76 F.3d 393
Shela Mae STEIN, Plaintiff-Appellant,
MUNICIPAL COURTHOUSE, Defendant-Appellee.
United States Court of Appeals, Tenth Circuit.
Jan. 29, 1996.
NOTICE: Although citation of unpublished opinions remains unfavored, unpublished opinions may now be cited if the opinion has persuasive value on a material issue, and a copy is attached to the citing document or, if cited in oral argument, copies are furnished to the Court and all parties. See General Order of November 29, 1993, suspending 10th Cir. Rule 36.3 until December 31, 1995, or further order.
Before ANDERSON, BARRETT and LOGAN, Circuit Judges.
ORDER AND JUDGMENT1
BARRETT, Circuit Judge.
After examining the briefs and the appellate record, this panel has determined unanimously that oral argument would not materially assist the determination of this appeal. See Fed. R.App. P. 34(a); Tenth Cir. R. 34.1.9. The case is therefore ordered submitted without oral argument.
Shela Stein (Stein), appearing pro se and in forma pauperis, appeals from the district court's order dismissing with prejudice to its refiling Stein's complaint as legally frivolous.
Stein's 42 U.S.C.1983 complaint, filed August 18, 1994, named Municipal Court of 700 Couch Dr., Oklahoma City, Oklahoma, and Judge Lathion, Administrator, as defendants. Stein alleged that at some unspecified time she was falsely arrested for trespassing on public property (apparently the public library) as a result of some dispute between she and personnel of the library concerning Stein's library card and its proper identification of her residence. Stein demanded that the court (1) close the Municipal Library and the Municipal Court, and remove from the bench the judges of the Municipal Court, (2) award her $170,000 and reasonable attorneys fees, and (3) award her such other and further relief as may be proper.
On appeal, Stein argues that false arrest and refusal of the municipal court to throw out the trespassing on public property charge are not frivolous but instead are clearly unconstitutional. She states that the use of police by a court to throw one into jail for no reason is not frivolous.
A finding that a complaint is frivolous is a decision entrusted to the discretion of the trial court which we review for an abuse of discretion. Green v. Seymour, 59 F.3d 1073, 1077 (10th Cir.1995). An abuse of discretion has been defined as an "arbitrary, capricious, whimsical, or manifestly unreasonable judgment." FDIC v. Oldenburg, 34 F.3d 1529, 1555 (10th Cir.1994). Here, plaintiff-appellant Stein has not stated even an arguable claim for relief. See Hall v. Bellmon, 935 F.2d 1106, 1109 (10th Cir.1991). There has been no abuse of discretion here. Furthermore, as pointed out by the district court, judges are immune from civil rights suits under the doctrine of common-law immunity for acts committed within the scope of their judicial jurisdiction. See Stump v. Sparkman, 435 U.S. 349 (1978); Pierson v. Ray, 386 U.S. 547 (1967). Even if we were to construe Stein's complaint as one seeking injunctive relief against the municipal judge, see Pulliam v. Allen, 466 U.S. 522 (1984), we agree with the district court that Stein has not alleged any factual or legal basis for equitable relief.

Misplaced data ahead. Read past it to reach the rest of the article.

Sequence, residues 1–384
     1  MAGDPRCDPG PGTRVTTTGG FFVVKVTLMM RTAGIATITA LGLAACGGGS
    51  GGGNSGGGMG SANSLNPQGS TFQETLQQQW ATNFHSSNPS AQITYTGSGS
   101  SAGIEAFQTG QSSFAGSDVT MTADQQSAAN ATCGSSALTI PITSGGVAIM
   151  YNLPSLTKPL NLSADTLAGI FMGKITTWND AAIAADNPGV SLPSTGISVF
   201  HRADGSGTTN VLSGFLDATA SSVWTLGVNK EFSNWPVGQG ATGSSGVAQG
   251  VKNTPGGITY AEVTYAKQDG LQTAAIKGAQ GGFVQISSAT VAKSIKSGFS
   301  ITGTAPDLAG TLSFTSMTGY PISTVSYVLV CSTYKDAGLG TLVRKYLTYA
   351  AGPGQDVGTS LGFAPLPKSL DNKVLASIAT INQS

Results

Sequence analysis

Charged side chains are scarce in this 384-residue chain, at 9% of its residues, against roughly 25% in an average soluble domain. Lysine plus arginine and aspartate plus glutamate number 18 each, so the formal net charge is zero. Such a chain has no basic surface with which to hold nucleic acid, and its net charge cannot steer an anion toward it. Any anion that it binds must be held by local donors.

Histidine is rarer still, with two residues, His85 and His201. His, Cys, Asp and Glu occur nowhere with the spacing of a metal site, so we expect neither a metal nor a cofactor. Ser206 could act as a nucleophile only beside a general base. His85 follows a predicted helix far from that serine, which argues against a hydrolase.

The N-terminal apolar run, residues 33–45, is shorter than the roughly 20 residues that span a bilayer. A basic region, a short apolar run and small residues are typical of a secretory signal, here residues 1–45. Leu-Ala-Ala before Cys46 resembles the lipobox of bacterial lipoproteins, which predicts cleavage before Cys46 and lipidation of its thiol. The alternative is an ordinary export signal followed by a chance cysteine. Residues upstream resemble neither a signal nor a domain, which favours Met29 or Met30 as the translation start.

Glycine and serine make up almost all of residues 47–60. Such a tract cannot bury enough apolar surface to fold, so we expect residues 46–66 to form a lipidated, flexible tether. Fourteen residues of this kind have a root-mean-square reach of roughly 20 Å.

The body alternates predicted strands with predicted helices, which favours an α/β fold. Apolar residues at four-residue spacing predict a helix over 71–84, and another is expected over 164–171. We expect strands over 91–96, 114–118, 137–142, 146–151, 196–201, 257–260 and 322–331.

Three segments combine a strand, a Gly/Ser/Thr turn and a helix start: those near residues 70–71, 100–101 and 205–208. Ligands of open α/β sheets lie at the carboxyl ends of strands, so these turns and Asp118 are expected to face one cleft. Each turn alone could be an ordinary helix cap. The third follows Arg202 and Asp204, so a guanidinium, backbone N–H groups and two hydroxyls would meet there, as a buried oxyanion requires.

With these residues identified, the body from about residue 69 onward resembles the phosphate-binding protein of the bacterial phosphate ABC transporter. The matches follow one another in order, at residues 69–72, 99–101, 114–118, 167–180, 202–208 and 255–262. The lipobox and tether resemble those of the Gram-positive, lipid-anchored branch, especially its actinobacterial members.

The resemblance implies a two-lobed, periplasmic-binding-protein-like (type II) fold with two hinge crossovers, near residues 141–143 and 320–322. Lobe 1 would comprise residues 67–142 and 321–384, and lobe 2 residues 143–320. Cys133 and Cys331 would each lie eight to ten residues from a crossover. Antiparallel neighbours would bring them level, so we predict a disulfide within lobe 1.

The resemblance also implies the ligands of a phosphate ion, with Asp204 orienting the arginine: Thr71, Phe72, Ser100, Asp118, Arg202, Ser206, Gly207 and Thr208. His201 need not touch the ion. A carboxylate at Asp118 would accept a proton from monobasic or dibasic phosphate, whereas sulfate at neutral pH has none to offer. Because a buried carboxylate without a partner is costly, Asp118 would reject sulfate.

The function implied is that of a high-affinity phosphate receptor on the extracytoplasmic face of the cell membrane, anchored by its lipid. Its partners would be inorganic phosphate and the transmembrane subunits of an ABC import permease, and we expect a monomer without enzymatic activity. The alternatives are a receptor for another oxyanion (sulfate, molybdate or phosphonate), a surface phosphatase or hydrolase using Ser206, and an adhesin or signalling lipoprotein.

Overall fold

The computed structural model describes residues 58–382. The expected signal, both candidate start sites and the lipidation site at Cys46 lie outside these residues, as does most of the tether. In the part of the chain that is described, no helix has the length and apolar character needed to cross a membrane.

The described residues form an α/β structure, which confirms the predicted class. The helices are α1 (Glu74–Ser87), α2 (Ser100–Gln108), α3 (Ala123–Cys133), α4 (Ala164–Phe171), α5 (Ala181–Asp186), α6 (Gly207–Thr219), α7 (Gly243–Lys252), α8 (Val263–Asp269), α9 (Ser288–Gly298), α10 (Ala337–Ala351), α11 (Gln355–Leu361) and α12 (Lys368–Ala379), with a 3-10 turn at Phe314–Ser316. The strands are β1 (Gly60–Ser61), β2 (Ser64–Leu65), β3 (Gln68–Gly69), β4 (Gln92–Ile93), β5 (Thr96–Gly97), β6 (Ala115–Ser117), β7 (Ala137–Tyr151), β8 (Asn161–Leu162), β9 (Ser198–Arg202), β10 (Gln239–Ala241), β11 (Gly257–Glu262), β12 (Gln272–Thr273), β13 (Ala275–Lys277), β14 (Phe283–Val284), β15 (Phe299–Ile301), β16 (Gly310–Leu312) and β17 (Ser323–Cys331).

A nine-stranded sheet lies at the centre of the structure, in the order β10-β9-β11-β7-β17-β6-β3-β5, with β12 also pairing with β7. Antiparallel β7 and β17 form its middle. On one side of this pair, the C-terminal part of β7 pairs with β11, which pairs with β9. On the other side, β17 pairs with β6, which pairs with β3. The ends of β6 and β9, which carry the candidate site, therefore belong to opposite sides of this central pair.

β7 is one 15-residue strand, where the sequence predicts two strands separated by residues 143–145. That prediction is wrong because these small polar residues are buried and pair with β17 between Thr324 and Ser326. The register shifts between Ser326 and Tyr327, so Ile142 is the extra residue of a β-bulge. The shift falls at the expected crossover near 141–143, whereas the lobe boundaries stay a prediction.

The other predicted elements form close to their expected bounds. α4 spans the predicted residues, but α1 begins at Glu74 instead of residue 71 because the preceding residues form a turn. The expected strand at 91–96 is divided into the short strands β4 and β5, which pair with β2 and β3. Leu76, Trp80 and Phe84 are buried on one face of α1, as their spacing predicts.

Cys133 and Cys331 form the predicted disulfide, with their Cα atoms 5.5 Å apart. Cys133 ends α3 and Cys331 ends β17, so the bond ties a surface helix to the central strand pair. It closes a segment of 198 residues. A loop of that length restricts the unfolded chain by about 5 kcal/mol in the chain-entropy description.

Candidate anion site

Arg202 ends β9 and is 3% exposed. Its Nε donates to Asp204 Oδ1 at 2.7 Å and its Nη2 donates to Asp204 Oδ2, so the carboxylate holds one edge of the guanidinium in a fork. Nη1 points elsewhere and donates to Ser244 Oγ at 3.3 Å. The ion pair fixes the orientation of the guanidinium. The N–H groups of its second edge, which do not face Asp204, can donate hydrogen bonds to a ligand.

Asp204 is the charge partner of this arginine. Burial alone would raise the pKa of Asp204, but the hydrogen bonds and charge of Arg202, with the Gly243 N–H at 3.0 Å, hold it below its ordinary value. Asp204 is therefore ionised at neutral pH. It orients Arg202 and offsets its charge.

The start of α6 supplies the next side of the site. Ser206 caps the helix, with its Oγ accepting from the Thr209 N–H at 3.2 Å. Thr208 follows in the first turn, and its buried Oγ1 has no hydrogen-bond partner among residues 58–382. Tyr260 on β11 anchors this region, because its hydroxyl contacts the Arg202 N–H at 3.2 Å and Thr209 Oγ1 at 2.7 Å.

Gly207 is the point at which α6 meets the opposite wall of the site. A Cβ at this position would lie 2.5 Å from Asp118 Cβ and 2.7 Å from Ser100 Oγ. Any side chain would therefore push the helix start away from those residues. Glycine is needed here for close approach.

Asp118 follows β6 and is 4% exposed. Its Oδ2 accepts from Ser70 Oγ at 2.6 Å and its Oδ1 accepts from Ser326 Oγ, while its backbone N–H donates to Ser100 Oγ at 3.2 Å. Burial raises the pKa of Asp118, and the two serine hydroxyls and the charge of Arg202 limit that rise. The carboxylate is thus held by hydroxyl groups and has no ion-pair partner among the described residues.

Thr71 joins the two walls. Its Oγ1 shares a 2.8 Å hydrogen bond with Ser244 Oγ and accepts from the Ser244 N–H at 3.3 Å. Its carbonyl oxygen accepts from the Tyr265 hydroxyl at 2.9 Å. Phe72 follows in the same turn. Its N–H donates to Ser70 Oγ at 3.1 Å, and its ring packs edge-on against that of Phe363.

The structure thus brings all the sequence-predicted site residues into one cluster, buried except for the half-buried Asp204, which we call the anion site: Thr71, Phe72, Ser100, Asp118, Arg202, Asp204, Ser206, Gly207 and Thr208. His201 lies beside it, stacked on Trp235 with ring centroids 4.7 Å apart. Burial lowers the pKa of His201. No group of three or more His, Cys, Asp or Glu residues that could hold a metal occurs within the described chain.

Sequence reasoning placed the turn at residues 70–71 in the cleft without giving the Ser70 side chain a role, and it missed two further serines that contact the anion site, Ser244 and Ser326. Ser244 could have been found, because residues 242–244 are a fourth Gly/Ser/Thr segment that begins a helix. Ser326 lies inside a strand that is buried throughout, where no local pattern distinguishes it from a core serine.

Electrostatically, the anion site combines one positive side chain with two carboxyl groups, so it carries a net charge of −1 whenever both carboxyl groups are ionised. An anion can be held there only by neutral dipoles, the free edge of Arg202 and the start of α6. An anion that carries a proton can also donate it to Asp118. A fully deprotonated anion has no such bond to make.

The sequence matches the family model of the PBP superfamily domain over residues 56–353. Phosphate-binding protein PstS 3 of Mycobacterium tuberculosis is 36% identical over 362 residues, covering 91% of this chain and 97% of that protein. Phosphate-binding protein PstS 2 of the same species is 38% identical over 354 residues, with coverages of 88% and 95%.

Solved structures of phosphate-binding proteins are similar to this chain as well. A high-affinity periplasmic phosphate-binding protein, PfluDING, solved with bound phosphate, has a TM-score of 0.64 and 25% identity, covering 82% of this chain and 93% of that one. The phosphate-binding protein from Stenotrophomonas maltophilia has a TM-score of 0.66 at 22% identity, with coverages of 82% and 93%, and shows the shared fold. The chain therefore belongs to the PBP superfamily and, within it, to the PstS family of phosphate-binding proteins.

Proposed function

We affirm substantially for the reasons set forth in the district court's Order of August 26, 1994.
This order and judgment is not binding precedent, except under the doctrines of law of the case, res judicata, and collateral estoppel. Citation of unpublished orders and judgments is not favored. Nevertheless, an unpublished decision may be cited if it has persuasive value with respect to a material issue that has not been addressed in a published opinion and it would assist the court in its disposition. A copy of the decision must be attached to the brief or other document in which it is cited, or, if cited in oral argument, provided to the court and all other parties